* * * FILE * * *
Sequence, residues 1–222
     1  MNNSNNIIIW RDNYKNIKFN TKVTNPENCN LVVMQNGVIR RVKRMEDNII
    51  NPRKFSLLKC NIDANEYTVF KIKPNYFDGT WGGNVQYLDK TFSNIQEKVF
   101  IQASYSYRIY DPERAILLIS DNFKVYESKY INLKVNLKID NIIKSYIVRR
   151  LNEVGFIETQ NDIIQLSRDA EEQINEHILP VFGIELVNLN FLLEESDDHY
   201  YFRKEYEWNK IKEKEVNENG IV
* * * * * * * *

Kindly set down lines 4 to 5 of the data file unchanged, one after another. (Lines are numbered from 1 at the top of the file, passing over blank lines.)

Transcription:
   101  IQASYSYRIY DPERAILLIS DNFKVYESKY INLKVNLKID NIIKSYIVRR
   151  LNEVGFIETQ NDIIQLSRDA EEQINEHILP VFGIELVNLN FLLEESDDHY